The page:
In 1896, Lavinia Dickinson, sister of Emily, took the stand as witness and plaintiff in a court case against Mabel Loomis Todd, the editor of E.D.s first three books, and long-term mistress of her brother, Austin. Lavinia, while not quite as withdrawn as her sister, was nevertheless a reclusive character, not given to leaving home much in later years. Like her sister, she was regarded as strange by the Amherst townsfolk; in one authenticated story, local children came to sing for the Dickinsons, but were asked to do so downstairs, while the two sisters listened, unseen, from an upstairs room. So how did Lavinia cope with the very public arena of a court-room? To quote Lyndall Gordon's biography:
"Her junior counsel, Henry Field, remembered Miss Vinnie 'distinctly' in after years when he himself had become a judge. He'd feared cross-examination might confuse her. 'But not at all. On the witness stand she appeared perfectly natural and composed, not in the least bit disconcerted by an array of opposing counsel and a Court-room filled with curious spectators'."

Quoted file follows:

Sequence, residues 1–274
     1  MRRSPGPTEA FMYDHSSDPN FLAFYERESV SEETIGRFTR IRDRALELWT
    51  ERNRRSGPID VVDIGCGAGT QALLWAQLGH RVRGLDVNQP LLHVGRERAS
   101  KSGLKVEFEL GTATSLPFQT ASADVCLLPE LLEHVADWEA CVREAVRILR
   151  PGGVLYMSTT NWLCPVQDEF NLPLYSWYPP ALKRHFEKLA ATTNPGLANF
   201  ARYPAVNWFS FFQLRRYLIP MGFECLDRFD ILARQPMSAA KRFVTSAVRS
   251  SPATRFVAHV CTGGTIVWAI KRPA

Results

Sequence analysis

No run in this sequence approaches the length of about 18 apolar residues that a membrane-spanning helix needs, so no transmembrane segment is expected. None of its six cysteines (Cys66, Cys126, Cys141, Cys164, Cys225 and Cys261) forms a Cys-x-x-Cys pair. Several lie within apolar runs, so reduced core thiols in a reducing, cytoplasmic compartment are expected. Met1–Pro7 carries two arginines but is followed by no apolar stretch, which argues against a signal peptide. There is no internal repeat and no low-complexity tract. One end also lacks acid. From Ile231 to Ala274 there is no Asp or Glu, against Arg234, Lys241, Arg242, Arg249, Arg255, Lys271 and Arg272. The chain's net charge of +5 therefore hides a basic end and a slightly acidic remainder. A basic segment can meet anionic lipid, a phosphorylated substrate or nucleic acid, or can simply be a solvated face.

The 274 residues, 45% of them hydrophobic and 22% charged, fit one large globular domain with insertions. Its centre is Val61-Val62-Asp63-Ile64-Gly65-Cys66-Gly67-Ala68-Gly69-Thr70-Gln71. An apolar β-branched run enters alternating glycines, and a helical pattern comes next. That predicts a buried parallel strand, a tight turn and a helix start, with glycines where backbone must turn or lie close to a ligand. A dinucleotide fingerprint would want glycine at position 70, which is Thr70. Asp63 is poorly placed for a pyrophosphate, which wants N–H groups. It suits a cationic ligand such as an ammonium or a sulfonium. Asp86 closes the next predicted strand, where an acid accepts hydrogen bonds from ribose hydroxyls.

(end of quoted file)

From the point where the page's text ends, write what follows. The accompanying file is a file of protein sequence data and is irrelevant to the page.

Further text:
In fact, Miss Vinnie put on an impressive and assured display, with not a small amount of guile, and she won her case - about the disputed ownership of a strip of land - despite having, on a purely factual basis, the weaker case. To me, this is interesting as it lends weight to the increasingly-held opinion that Emily Dickinson's withdrawal from the world was not due to diffidence or timidity - attributes absent from the accounts of those who actually met her - but was a conscious decision that the independence (from social and marital expectations) provided by seclusion in her father's house was necessary to allow her to practice her chosen profession of poet. Just as Lavinia impressed on the witness stand, so Emily impressed those who met her with her wit and verbal intelligence; often leaving them feeling upstaged and shaken; as was the case with T W Higginson, who famously declared 'I have never met anyone who drained my nerve power so much'. Many reasons for ED's seclusion have been suggested; but while there may have been contributory factors - medical or psychological perhaps - it does seem that artistic independence may have been the primary one.